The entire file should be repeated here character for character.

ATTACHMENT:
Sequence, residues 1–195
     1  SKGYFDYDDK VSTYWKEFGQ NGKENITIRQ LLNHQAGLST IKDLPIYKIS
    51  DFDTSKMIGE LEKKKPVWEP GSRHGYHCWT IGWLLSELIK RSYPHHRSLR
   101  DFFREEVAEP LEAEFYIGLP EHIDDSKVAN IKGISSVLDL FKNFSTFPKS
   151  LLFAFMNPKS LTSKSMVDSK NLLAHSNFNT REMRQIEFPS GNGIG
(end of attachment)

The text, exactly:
Sequence, residues 1–195
     1  SKGYFDYDDK VSTYWKEFGQ NGKENITIRQ LLNHQAGLST IKDLPIYKIS
    51  DFDTSKMIGE LEKKKPVWEP GSRHGYHCWT IGWLLSELIK RSYPHHRSLR
   101  DFFREEVAEP LEAEFYIGLP EHIDDSKVAN IKGISSVLDL FKNFSTFPKS
   151  LLFAFMNPKS LTSKSMVDSK NLLAHSNFNT REMRQIEFPS GNGIG